Charlton: I came into the movement as a staunch supporter of the Democratic Party, but it is important that our community advocates for ourselves and not a party. We need to make certain that our energies are spent directly addressing our issues rather than begging the Democratic Party to act as our trustees. As BAJI has been pushing us to realize, the 1996 immigration laws were passed under Bill Clinton, and we must ensure accountability for the violence they brought to our communities. As you pointed out, it is a Democratic president that has been deporting our people for the past seven years. We have to ensure that we are not accepting rhetoric and precariousness in exchange for our political support. [Further,] we must work towards building a conversation in which the questions being asked shed light on the U.S. foreign policies that create the conditions that many undocumented immigrants are trying to escape; the fact that undocumented immigrants present a net gain for the U.S. rather than being the economic parasites we are portrayed as; and the realization that the undocumented immigrants that are coming in today are not being met with the same social programs that were available to the immigrants coming in from Europe before us. In the process of not allowing ourselves to be [inaccurately portrayed,] we will break down the xenophobia and nativist policies perpetuated by people that are not natives themselves.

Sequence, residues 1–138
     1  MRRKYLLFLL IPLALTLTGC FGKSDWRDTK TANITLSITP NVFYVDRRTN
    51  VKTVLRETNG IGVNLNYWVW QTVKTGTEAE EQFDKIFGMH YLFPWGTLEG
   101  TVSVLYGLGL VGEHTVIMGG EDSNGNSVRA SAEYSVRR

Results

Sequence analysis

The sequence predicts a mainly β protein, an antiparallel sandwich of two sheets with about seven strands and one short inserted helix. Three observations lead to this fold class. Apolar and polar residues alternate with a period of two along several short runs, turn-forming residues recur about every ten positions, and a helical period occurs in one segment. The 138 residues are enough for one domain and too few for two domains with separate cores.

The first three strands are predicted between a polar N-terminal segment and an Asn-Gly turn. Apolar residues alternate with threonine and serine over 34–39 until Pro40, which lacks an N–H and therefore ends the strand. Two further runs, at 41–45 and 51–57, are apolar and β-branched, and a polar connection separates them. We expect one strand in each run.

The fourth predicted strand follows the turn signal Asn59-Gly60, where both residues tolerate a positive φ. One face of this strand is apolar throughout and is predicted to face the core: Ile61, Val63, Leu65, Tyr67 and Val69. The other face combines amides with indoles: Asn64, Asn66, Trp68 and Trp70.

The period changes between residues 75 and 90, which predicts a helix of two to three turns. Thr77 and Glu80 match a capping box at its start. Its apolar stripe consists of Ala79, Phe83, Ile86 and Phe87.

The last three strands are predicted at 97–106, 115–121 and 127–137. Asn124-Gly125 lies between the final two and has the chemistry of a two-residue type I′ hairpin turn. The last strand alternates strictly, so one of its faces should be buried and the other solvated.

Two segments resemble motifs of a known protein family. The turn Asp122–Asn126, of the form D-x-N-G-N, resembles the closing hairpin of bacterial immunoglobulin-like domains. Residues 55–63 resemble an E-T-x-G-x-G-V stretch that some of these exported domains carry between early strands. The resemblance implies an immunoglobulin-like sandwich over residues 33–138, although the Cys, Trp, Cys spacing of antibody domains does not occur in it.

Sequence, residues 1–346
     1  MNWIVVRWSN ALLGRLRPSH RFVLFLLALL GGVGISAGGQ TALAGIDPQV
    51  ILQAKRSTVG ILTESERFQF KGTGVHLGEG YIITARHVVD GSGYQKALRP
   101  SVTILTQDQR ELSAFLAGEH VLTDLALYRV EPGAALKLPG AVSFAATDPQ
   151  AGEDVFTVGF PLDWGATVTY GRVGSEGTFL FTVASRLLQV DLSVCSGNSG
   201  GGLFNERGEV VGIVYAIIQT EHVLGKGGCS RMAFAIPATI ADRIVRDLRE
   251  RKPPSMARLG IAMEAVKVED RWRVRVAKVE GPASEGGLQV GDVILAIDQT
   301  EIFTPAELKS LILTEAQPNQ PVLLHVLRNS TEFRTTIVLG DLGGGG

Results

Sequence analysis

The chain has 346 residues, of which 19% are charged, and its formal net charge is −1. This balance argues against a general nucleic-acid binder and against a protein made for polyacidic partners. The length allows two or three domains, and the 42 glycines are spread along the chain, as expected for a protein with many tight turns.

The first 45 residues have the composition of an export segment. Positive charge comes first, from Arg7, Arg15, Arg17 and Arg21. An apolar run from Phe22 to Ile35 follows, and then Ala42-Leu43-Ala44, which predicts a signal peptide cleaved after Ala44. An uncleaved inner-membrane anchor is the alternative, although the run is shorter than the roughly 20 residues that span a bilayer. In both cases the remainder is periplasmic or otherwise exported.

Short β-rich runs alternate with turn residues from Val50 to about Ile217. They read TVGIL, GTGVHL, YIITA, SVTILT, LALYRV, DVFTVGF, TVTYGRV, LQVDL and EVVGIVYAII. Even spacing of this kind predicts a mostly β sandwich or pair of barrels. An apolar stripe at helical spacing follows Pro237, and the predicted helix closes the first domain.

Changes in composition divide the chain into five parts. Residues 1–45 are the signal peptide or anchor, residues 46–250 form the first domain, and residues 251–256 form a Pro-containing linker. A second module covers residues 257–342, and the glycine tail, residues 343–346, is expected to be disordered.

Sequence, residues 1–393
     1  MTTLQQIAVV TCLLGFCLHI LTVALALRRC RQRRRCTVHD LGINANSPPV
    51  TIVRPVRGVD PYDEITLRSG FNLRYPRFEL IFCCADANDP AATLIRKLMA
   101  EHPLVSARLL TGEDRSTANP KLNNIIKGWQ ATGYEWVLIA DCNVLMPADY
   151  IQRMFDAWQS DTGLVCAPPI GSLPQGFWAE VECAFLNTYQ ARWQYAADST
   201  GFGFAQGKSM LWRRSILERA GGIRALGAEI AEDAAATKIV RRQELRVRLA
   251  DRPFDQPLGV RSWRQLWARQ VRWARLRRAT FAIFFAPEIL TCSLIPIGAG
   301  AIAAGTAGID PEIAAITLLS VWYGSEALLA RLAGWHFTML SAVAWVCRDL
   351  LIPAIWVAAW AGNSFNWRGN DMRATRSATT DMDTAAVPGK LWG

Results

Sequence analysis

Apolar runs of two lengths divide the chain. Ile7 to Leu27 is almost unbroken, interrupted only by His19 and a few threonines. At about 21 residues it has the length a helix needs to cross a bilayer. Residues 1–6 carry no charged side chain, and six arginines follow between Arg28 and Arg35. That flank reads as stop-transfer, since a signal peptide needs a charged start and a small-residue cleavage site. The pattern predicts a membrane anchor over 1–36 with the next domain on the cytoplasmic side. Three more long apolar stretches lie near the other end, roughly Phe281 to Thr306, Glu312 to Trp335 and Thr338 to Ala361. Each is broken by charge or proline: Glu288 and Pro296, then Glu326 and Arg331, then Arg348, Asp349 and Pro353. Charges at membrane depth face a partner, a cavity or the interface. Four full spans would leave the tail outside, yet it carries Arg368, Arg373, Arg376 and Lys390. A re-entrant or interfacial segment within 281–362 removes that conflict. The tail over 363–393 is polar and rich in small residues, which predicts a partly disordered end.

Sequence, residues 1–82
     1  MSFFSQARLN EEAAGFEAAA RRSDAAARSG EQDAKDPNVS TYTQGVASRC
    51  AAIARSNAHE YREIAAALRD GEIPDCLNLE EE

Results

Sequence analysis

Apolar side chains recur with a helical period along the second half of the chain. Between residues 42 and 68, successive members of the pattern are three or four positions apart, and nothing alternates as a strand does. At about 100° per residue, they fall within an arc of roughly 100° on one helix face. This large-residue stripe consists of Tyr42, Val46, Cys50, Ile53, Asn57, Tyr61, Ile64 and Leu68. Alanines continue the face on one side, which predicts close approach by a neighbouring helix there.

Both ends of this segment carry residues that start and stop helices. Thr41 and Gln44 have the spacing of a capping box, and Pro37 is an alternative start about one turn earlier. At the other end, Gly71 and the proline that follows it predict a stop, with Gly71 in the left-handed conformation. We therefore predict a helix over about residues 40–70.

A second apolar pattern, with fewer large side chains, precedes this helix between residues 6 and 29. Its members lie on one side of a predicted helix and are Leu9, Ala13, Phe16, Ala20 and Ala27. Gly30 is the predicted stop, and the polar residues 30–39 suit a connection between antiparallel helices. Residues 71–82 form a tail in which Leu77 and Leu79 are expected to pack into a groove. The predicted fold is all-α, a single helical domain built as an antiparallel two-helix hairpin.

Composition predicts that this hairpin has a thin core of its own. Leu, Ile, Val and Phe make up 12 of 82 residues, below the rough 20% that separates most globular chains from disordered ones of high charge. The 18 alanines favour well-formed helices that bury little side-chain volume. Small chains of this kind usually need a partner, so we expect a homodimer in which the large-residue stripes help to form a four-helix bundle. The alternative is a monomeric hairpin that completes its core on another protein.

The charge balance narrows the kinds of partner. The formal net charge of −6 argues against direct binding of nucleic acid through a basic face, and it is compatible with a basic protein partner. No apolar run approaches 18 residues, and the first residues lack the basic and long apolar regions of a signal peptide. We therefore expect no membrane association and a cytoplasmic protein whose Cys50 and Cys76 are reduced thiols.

Anderson: At the seminar, you spoke about your involvement in immigrant justice and racial-justice movements, while feeling like you were on the margins of both DREAMers and Black Lives Matter spaces. How would an intersectional approach be more inclusive and equitable for black undocumented youth?

Charlton: For black undocumented immigrants, the violence we are subject to is not because of an isolated identity. The deportation rate is not because we are just black or because we are just undocumented immigrants. The deportation rate for undocumented black immigrants is because we are both black and undocumented simultaneously. Asking questions of blackness in isolation often cuts out issues that do not impact African Americans that are documented. Asking questions about immigration status in isolation often centers the conversation on non-Afro-Latinos from Central America and Mexico. This creates the silent conditions that allow the continued disproportionate deportation of our people and inaccessibility of resources for our community. Therefore, those who intend to bring justice to the undocumented community as a whole and black people as a whole must ask questions that reflect our identities as they are experienced, simultaneously.